Black, white and blue,
I will always be true,
To myself and to you, too,
To make you and me friends.

The big stone then began to fall down slowly to the earth. When it landed the Eel went to see the stone. He found to his surprise that much of the blue part of it had broken off and had remained in space to become the sky. The Eel was very cross that the blue part had been left behind so again he threw the stone back into the sky. This time it stuck on its black side. There was darkness all around him. It was the night. So the Eel said some magic words and the stone fell down onto its white side breaking the darkness. And so the light came and there was day. He was then able to see that of the colours of the stone, the black and white parts had been torn completely away leaving only some of the blue part. Again he took the stone and threw it in turn to the north, east, south and west. After the last throw it did not come back. Again he uttered some magic words and he saw parts of the blue stone lying all around - it was the sea. He then went to what is left of the stone and broke it into eight pieces, one for each of the main islands of Tuvalu.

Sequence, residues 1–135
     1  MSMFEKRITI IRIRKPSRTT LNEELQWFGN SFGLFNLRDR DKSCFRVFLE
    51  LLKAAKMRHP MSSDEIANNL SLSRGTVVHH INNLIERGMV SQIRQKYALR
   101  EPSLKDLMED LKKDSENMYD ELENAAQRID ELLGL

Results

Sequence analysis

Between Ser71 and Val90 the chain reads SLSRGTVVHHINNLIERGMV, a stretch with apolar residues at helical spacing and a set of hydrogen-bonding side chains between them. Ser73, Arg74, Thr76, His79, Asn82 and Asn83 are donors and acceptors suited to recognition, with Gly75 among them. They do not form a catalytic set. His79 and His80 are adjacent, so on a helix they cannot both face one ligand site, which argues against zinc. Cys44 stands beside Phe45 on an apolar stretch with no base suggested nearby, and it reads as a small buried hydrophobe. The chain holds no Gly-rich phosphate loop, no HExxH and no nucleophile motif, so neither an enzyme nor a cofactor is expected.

Our traditions say that the first people to settle on the sand banks now called Nunumea were two women named Pai and Vau. It is said that the neighbouring islets were formed from the sand which fell out of the women's baskets after they had been sent away from Nanumea by the Tongan warrior Tefolaha who became the ancestor of the people of Nanumea.  Tefolaha was involved in some battle between Tongan and Samoan warriors. After one of these wars Tefolaha decided to settle in Samoa. He was given some land by the Samoans for helping them fight the Tongans. But Tefolaha soon became tired of fighting so he decided to leave Samoa, hoping to meet with new adventures somewhere else. He travelled for many days, meeting with strong winds and currents until he finally arrived on the beach of Nanumea.